Editor's Pick: Drug-Induced Thrombocytopenic Purpura: A Systematic Review and Meta-analysis of Case Reports - European Medical Journal

Editor’s Pick: Drug-Induced Thrombocytopenic Purpura: A Systematic Review and Meta-analysis of Case Reports

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Allergy & Immunology
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Ankit Bhardwaj,1 *Rachna Gupta1
  • 1. Department of Pharmacology, University College of Medical Sciences, New Delhi, India
*Correspondence to [email protected]

The authors have declared no conflicts of interest. The authors confirm that the data supporting the findings of this study will be available on demand.

EMJ Allergy Immunol. ;8[1]:70-79. DOI/10.33590/emjallergyimmunol/10306610. https://doi.org/10.33590/emjallergyimmunol/10306610.
Drug-dependent antibodies, drug-induced thrombocytopenia, drug-induced thrombocytopenic purpura (DITP), thrombocytopenia.

Each article is made available under the terms of the Creative Commons Attribution-Non Commercial 4.0 License.


In the present systematic review and meta-analysis, the authors analysed case reports of drug-induced thrombocytopenia/drug-induced thrombocytopenic purpura (DITP) and its mechanisms. The search included electronic databases for case reports of DITP using specific keywords in MEDLINE via PubMed, PubMed Central, and Embase. All case reports were designated a score/criteria (definite, probable, or possible). The mechanism of DITP was also analysed in each case report. A total of 751 case reports were included in the meta-analysis. The incidences for all-score DITP by random and common effect models were 0.65% (95% confidence interval: 0.61–0.69) and, 0.65% (95% confidence interval: 0.62–0.68), respectively. The number of DITPs with scores of 1, 2, and 3 was found in 151, 300, and 300 patients, respectively. Amongst the drugs, the maximum number of DITPs were caused by antibiotics, antimalarials, monoclonal antibodies, antiplatelet drugs, disease-modifying antirheumatic drugs, anti-epileptics, anti-cancer chemotherapeutics, and non-steroidal anti-inflammatory drugs. Out of 751 cases, 478 patients were hospitalised, and 323 patients had external or internal bleeding, including 62 patients who had major bleeding intracranially or retroperitoneally and required transfusion of two or more units of red blood cells. Mortality occurred in 12 patients. Clinicians should be aware of the potential of drugs causing DITP as an important adverse event, as it may affect patient compliance and adherence to drugs. Unrecognised DITP may lead to severe thrombocytopenia and inappropriate patient management.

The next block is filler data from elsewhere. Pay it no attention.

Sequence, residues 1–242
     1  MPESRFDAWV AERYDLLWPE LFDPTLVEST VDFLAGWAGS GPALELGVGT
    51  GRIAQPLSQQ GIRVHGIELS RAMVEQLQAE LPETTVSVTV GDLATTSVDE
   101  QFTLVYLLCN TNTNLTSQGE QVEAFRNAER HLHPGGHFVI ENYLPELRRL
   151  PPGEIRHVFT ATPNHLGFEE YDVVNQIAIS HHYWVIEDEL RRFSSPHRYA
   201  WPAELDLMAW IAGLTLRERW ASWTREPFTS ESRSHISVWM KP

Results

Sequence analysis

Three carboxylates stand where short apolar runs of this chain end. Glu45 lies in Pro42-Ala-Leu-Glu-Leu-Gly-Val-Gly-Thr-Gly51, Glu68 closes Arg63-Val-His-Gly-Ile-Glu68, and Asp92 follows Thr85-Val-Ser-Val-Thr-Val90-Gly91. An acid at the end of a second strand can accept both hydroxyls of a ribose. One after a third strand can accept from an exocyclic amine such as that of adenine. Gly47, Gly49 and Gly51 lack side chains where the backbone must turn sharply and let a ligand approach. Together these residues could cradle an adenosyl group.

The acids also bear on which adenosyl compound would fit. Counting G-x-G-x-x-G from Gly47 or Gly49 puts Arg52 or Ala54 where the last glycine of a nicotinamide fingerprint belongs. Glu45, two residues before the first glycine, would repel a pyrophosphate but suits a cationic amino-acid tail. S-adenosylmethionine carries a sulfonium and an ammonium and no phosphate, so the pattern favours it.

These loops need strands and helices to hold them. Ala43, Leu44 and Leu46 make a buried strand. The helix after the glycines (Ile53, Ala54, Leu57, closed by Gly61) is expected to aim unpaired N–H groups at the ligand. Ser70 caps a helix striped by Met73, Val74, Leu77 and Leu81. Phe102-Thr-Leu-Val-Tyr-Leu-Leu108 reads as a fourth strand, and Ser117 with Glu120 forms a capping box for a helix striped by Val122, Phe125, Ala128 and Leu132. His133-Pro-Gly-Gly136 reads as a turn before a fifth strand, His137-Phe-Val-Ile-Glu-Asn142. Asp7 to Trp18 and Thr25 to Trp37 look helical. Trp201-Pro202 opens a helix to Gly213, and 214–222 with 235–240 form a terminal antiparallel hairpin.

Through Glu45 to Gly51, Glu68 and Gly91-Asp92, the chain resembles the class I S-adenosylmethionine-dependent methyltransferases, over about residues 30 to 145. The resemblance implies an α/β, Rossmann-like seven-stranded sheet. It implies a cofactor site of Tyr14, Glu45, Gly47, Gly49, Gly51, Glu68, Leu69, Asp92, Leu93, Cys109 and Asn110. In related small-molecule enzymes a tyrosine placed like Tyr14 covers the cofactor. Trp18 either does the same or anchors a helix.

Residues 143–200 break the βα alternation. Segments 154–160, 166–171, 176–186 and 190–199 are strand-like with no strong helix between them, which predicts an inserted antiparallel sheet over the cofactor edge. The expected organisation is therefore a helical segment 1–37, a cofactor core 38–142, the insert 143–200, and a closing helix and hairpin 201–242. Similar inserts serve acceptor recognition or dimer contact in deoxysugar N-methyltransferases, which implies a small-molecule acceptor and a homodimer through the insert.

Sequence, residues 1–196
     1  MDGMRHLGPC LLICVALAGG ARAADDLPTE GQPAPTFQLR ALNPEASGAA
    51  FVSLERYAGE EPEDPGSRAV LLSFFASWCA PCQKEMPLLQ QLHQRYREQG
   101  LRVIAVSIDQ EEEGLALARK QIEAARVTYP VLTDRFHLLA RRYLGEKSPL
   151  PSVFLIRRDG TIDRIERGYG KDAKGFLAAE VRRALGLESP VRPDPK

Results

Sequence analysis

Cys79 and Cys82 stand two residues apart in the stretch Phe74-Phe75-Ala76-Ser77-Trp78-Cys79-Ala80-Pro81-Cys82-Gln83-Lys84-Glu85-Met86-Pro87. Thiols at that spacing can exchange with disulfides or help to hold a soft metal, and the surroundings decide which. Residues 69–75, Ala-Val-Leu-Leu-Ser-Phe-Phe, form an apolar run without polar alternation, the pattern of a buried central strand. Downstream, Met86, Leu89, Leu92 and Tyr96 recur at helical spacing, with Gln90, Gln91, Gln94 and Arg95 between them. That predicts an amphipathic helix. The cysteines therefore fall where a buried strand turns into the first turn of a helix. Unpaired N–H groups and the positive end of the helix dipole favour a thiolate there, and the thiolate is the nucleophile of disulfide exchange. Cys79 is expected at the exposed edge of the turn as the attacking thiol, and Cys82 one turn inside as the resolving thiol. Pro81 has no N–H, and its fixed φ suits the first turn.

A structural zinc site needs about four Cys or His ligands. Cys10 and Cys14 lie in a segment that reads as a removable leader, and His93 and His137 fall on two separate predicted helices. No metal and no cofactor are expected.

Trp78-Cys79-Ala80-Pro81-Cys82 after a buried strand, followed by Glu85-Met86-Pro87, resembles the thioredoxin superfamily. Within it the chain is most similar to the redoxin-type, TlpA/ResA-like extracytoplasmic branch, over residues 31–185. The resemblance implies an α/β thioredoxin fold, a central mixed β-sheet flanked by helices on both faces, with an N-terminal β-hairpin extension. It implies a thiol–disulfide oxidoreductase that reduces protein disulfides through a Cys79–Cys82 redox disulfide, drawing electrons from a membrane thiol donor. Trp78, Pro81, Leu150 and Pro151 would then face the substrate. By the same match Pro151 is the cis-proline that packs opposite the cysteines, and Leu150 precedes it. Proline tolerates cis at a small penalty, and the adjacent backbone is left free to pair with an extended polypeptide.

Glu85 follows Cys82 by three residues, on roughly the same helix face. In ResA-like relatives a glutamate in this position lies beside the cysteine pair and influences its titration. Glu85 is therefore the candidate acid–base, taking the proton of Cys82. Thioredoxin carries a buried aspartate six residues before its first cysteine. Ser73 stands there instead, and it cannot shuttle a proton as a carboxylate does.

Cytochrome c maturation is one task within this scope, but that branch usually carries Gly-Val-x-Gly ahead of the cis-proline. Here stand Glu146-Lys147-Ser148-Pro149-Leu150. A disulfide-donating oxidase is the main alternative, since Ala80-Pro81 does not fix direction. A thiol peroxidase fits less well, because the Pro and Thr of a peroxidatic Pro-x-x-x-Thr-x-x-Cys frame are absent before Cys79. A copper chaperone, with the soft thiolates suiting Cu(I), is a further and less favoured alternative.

Key Points

1. Drug-induced thrombocytopenia/drug-induced thrombocytopenic purpura (DITP) is a potentially fatal adverse effect of drugs, which could be associated with external or internal bleeding varying from mild to severe. DITP affects patient compliance and adherence to drugs.
2. The present systematic review and meta-analysis analysed case reports of DITP. The drugs found to be commonly associated with DITP included antibiotics, monoclonal antibodies, antiplatelets, and disease-modifying antirheumatic drugs.
3. Early detection and clinicians’ awareness of DITP could prevent this adverse event, and result in the proper management of patients.


Drug-induced thrombocytopenia/drug-induced thrombocytopenic purpura (DITP) is a potentially fatal side effect that is often under-recognised, and is characterised by immunogenic drug-dependent antibodies and non-immunogenic causing destruction of the platelets when the responsible drug is ingested or injected. Some of these antibodies are already present in a non-reactive form in the absence of a drug, but strongly bind to particular epitopes on platelet membrane glycoproteins (GP) IIb/IIIa or Ib/IX9 when the sensitising agent is available in soluble form. The mechanism could be platelet production inhibition, and/or favouring their elimination, or destruction from the peripheral blood. Cytotoxic drugs suppress overall haematopoiesis or affect megakaryocytopoiesis, which either causes increased platelet consumption/destruction or impaired platelet production.1 Numerous medications, including antimicrobials, non-steroidal anti-inflammatory drugs (NSAID), anticonvulsants, and sedatives have been linked to causing thrombocytopenia. Generally, low-molecular-weight drugs like penicillin and penicillin derivatives are considered more immunogenic, causing the production of drug (hapten)-specific antibodies, which are covalently attached to a carrier protein. These drugs in vivo may have been connected to certain membrane proteins, which were further identified as foreign particles by the immune system, resulting in the formation of drug-specific antibodies. On subsequent ingestion, the medication can reassociate with the membrane protein to produce an antibody target, leading to the destruction of the blood cells.